The One Nation leader is
a populist decoupled from an ignition point. Scott Morrison shouldn’t
give her one
I have nothing but admiration for the people who work in the family court
system. It’s a place of despair, and I don’t invoke that word lightly.
Humans, many of them vulnerable, mired in the stages of grief, litigate the
remnants of their most intimate relationships in that system. The
environment can be not only taxing but toxic.
It’s a statement of the obvious to say opening a conversation about the
family court is deeply fraught territory, and every parliamentarian knows
it. Yet this week, Scott Morrison has green-lit yet another inquiry into the
system and, in the process, handed a significant public platform to Pauline
Hanson, who has been stoking
this red-hot issue as a means of rallying her core supporters for years.
Morrison insists the looming inquiry will not “take sides”. The prime
minister says this process will be about helping parents and their children,
not about courting Pauline (whose vote, self-evidently, is needed in a
Senate that, let’s be candid, operates with an every-child-gets-a-prize
While it’s obviously fine in-principle for parliamentarians to set up inquiries
to seek new facts and perspectives, it is hard to fathom what of substance might
emerge from this new process, given the Australian Law Reform Commission presented
a bunch of detailed recommendations to overhaul the family court system in
August. Those insights, from a body well credentialed to consider all the
complexities of the issue, are sitting politely on a shelf, waiting for someone
to notice them.
A recently retired former family court judge, Peter Rose, summed up the
situation well when he told
the Nine newspapers this week Australia’s family law system had “been the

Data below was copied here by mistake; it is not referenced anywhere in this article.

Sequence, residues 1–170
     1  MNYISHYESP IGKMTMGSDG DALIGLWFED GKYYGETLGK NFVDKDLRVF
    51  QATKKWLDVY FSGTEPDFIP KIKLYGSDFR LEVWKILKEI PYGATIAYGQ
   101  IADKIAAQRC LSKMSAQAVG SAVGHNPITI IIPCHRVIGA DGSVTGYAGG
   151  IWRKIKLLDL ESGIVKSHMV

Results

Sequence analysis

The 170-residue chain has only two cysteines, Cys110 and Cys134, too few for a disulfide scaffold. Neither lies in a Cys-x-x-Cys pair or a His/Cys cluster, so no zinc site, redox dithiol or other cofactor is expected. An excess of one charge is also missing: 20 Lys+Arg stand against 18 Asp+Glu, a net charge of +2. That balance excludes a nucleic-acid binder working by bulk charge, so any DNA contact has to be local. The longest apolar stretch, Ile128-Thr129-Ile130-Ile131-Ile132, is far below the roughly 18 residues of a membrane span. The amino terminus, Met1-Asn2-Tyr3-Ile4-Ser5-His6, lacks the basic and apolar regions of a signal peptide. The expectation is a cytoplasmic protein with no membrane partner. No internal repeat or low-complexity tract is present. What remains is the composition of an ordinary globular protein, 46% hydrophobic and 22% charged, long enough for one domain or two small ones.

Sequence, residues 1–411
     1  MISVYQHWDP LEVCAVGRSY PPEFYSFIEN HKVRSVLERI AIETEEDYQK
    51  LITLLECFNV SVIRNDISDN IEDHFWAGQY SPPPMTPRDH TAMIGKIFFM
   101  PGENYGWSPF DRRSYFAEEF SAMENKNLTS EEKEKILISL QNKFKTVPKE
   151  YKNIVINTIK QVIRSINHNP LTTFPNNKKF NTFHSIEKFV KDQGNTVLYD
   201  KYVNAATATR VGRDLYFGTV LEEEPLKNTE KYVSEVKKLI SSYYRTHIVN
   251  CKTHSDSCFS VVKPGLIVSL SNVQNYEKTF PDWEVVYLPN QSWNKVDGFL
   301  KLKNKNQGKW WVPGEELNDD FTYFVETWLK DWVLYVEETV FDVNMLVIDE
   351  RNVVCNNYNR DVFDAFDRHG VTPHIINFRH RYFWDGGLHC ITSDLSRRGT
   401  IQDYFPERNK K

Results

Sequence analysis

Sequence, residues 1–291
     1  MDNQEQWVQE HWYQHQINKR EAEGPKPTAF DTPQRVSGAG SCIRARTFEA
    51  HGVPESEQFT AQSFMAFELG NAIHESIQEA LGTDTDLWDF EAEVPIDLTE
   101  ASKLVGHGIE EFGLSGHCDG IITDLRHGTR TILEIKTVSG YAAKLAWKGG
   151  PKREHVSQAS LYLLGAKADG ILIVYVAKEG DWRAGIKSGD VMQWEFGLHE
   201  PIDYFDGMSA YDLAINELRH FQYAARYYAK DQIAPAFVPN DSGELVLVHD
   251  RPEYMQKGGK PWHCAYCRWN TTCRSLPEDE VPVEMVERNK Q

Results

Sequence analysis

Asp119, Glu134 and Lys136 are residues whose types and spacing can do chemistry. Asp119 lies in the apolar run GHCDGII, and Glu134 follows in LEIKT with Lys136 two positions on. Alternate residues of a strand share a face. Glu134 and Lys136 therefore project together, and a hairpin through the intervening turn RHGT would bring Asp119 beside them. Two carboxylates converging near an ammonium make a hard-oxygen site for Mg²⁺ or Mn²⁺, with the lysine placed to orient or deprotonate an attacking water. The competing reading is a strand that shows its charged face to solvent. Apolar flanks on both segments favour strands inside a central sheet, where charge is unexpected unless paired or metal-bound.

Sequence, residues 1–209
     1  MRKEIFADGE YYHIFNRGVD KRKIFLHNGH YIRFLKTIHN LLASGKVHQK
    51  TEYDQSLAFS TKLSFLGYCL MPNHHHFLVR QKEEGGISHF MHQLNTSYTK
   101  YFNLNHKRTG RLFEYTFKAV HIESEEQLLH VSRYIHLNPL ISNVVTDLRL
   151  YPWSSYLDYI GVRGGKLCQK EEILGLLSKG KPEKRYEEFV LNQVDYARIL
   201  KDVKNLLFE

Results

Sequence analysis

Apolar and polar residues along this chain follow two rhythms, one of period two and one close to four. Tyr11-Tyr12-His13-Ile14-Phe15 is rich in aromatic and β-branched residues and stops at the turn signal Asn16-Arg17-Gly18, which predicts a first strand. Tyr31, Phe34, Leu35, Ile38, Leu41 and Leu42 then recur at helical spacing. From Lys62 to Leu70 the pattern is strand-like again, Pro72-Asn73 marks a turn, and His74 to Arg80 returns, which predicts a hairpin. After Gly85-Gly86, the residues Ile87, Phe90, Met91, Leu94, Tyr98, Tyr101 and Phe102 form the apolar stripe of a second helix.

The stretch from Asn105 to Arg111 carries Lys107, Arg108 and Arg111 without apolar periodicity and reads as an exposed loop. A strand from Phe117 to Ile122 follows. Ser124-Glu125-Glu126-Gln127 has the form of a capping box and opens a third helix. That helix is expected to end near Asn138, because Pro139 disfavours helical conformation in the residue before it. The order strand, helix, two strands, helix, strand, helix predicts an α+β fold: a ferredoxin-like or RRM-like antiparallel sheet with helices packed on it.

subject of more inquiries than any other aspect of the law”.
“It doesn’t need an inquiry at huge cost to tell you what the problems are –
unacceptable delays due to lack of quality resources,” Rose said.
The former Australian of the year Rosie
Batty, who lost her 11-year-old son, Luke, when he was murdered by his
father, made a similar observation. “We know the failings,” she said this week.
“We need to start investing in this court system that is broken, overwhelmed and
failing. It is continuing to put families, particularly children, in danger”.
It is abundantly clear what’s required right now is careful, considered, and
preferably bipartisan, action to improve the system, not another emotionally
charged stunt inquiry sowing division and rancour, spearheaded by a fringe
political figure with fixed feelpinions on the issue. Even if Hanson doesn’t end
up as deputy chair of the inquiry, this is her baby and the world knows it.
Hanson has kicked off with inflammation, ventilating the old chestnut that women
are making up domestic violence claims in custody battles. “There are people out
there who are nothing but liars and who will use that in the court system,” the One
Nation leader declared. “I am hearing too many cases where parents are using
domestic violence to stop the other parent from seeing their children; perjury